Metal fabrication shops work with types of machines to fabricate different metal parts for their customers. The most common type of equipment you will find in every shop is a press brake. There are numerous types, sizes, and capabilities, as each shop has different production needs. Here’s how to determine the right-size press brake for your needs.

What Material Are You Working With?

Metal fabrication shops work with various types of metal to bend parts to fit the customers’ job requirements. There are also various factors that need to be considered in producing an accurate final product. For example, capacity, material thickness, and length need to be taken into consideration, as you’ll need to take your individual requirements into account when selecting the right machine. It all depends on the size and strength of the press brake.

Some factors that need to be considered when selecting a press brake are:

  • The radius of the parts
  • The thickness of the material
  • The material’s length
  • The tensile strength of the metal
  • The width of the V-die

Fabricators need to take all these factors into account to calculate the tonnage required for the different bending operations, and this tonnage will differ from machine to machine. For example, higher tonnage machines can bend thicker and harder metals, whereas lower tonnage machines are better for thinner metals.

These calculations are critical. Miscalculations may result in the inability of the machine to bend the part, ultimately damaging the metal and possibly the machine. These issues will arise if it is either too high or too low. For example, a tonnage that is too low could malfunction if it cannot bend a piece of metal. Similarly, if the tonnage is too high, the metal could bend too easily and potentially snap, or the press brake could end up damaged by not having enough resistance.

For example, some metals will require bending forces to stay underneath a certain threshold, like 80 tons. Other metals will require at least 150 tons to bend adequately. All these calculations need to occur before loading any metal onto the press brake, and you need to double-check them. Any single variable can drastically affect the amount of force you need, and there are also different press brake methods operators must account for. In addition, tonnages will vary if you are air bending or doing bottoming work.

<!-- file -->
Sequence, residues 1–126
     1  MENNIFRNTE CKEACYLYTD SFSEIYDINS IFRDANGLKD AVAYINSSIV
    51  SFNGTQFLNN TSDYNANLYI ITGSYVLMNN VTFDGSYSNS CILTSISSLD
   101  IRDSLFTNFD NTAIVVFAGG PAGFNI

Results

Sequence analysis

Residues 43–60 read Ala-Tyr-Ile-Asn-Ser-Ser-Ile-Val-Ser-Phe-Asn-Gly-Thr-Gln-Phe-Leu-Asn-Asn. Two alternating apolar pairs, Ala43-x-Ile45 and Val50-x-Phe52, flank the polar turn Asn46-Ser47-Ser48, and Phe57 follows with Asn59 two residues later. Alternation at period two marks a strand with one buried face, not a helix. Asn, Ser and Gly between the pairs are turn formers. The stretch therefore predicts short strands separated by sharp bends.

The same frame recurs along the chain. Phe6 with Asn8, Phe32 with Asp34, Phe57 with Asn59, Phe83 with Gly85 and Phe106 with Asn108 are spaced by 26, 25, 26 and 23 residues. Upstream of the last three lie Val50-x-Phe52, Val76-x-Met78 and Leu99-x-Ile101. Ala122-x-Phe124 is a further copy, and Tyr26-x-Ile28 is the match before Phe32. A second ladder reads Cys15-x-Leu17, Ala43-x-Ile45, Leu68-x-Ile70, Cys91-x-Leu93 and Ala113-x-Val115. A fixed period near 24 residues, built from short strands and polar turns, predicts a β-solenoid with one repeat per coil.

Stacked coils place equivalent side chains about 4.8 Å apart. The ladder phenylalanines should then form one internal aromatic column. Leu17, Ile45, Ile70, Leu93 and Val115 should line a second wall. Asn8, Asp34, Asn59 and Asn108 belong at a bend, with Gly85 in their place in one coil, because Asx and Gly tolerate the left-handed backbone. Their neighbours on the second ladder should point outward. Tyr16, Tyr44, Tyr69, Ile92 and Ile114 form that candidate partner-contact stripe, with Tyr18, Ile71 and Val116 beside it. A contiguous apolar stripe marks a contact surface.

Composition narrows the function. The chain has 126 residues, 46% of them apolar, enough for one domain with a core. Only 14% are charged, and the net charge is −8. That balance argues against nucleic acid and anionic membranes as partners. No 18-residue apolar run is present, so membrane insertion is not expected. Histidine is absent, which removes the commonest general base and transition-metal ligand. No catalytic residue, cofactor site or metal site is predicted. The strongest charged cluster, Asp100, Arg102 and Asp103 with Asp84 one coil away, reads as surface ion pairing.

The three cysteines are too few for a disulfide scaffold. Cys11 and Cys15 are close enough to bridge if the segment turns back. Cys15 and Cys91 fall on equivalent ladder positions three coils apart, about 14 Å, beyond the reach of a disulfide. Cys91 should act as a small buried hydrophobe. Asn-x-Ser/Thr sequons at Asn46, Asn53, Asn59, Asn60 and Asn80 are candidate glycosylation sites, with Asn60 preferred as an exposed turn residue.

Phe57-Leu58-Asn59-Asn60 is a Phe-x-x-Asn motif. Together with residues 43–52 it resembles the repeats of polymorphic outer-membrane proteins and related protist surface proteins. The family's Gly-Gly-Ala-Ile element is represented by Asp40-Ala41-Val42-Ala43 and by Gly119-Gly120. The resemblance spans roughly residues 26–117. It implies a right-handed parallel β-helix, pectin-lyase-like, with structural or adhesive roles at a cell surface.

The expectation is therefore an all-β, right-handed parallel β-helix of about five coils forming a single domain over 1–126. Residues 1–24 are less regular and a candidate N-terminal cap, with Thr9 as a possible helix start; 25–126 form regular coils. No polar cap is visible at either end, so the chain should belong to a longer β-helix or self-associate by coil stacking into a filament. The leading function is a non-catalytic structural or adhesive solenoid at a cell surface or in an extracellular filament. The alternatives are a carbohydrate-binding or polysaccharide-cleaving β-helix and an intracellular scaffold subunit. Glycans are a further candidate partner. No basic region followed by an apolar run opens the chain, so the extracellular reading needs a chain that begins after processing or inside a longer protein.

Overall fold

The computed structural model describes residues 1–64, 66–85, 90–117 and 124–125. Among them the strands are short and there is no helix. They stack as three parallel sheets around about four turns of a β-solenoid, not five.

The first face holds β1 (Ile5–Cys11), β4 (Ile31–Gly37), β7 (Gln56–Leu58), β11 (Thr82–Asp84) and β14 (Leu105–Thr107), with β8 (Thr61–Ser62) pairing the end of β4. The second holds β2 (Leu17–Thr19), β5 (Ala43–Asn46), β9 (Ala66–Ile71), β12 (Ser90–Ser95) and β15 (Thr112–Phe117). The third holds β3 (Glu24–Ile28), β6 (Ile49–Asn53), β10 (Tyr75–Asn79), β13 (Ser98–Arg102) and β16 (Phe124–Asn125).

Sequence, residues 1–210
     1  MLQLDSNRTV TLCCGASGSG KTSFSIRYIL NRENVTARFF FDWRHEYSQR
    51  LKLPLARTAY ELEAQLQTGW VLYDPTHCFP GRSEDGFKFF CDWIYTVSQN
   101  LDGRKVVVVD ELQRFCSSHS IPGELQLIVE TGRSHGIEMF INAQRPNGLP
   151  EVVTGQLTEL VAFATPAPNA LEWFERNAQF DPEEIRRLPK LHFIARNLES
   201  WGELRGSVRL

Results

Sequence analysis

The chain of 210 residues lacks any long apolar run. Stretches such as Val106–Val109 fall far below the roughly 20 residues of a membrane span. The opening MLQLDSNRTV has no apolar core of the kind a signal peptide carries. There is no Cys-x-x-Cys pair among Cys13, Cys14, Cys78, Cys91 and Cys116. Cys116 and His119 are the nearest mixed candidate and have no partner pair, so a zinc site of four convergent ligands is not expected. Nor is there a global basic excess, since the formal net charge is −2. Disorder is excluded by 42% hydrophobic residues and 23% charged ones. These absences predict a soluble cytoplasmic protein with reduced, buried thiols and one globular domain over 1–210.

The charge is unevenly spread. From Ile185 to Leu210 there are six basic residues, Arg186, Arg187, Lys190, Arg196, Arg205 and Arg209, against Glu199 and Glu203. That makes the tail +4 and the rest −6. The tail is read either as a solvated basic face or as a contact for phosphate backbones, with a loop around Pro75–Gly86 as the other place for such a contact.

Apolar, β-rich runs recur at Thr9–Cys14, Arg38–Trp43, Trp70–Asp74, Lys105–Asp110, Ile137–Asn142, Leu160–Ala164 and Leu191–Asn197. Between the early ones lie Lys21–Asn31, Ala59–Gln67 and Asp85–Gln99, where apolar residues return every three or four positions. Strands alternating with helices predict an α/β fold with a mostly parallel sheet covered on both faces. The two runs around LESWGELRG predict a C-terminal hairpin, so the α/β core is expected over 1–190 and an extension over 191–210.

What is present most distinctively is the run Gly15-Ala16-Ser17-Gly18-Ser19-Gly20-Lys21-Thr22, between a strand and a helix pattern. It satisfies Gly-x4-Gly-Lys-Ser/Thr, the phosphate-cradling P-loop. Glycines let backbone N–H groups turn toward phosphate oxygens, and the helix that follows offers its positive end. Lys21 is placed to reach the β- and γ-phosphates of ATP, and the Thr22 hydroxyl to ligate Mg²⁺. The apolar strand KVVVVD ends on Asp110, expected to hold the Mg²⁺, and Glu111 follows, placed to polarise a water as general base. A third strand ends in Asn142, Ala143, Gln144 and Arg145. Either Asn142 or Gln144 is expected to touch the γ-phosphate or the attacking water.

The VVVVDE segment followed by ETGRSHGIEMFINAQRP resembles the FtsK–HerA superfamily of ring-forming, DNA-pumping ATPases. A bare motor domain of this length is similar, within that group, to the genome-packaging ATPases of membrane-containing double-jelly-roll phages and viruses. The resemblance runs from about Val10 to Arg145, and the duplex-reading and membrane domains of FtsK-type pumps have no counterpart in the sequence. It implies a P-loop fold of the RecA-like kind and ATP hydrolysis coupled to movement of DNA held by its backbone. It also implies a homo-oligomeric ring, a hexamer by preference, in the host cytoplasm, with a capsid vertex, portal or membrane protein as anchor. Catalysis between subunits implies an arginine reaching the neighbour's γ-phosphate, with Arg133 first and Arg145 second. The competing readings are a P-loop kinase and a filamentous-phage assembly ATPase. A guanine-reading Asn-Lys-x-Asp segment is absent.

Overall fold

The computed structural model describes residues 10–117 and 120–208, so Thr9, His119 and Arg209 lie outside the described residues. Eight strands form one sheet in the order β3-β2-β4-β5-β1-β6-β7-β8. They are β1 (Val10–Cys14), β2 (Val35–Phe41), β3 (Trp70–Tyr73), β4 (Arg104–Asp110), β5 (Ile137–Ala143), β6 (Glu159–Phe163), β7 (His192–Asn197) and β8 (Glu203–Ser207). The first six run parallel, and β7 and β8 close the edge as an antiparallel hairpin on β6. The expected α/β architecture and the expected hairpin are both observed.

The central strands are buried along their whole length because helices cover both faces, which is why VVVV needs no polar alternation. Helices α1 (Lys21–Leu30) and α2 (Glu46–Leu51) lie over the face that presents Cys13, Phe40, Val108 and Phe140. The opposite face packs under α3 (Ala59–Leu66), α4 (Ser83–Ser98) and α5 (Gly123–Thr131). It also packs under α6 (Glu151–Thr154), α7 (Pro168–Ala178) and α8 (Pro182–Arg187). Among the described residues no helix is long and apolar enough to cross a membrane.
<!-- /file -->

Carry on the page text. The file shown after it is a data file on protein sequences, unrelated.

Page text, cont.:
What Size of Metal Are You Trying To Bend?

On top of calculating proper tonnage with your press brake, you must make sure your press brake is long enough to accommodate the specifications for the job. When selecting a press brake, it’s best to go 20 percent to 30 percent over what your maximum requirements are in order to make sure that you have the capacity to correctly manufacture your projects. Fab shops work with many types, thicknesses, and lengths of metal across various industries, which is why you need to take these requirements into account when selecting your machine.

You’ll need to assess your production needs carefully. The goal would be to get the shortest worktable and lowest tonnage possible while still being able to accurately complete your jobs. Another requirement to take into consideration is the complexity and accuracy of the bend. The more complex the bend, the more options need to be added to the equipment, such as additional backguage fingers.

Consider Deflection

Unfortunately, with larger machines, deflection occurs, which results in deformation of the metal. This results in the need for shimming. The bigger the press brake you get, the more likely it is to deflect in the bed and ram. Most press brakes found in metal fabrication shops are powered by hydraulic cylinders. These cylinders power the machine and support the side frames. This means that the power for the machine and the support are on both sides, not in the middle. Therefore, these deflections will occur farthest away from the hydraulic cylinders.

These deflections are natural, but they can cause issues and make consistent bend angles rarer, especially when bending larger pieces of metal. While bigger press brakes are necessary for taking care of longer pieces of metal, when they bend smaller pieces, you are more likely to find these deflections and end up with some variation in part quality. The material also plays a role in deflection as it changes the load requirement for the press brake, so take this into account as well.

The Tandem Press Brake

Do you have jobs that require bending longer lengths than traditional press brakes can typically handle? If the answer is yes, you may benefit from a tandem press brake. Tandem press brakes are essentially two machines in one, allowing you to bend longer materials. The tandem press brake can be operated as one machine or can operate independently as two machines. In times where longer jobs are not being produced, the tandem press brake can be utilized as two independent machines, doubling your throughput.

Here’s what to consider when selecting a tandem press brake:

  • A common misconception of tandem press brakes is that tonnage is combined between the machines. This is false because each machine functions independently, and the tonnage is calculated accordingly. Refer to the user manual for tonnage considerations.
  • Installation should be a consideration, as tandem press brakes are often more cost effective to install than individual machines.
  • Consider downtime. Should one of the press brakes go down, you have the ability to keep up with production on the other machine.

The right-size press brake may be hard to determine, but it’s critical to evaluate your needs. Take your typical jobs, time, material, speed, accuracy, tooling, etc., into careful consideration. At Mac-Tech, we can help you find the press brake that fits your requirements.

How To Determine the Right-Size Press Brake for Your Needs

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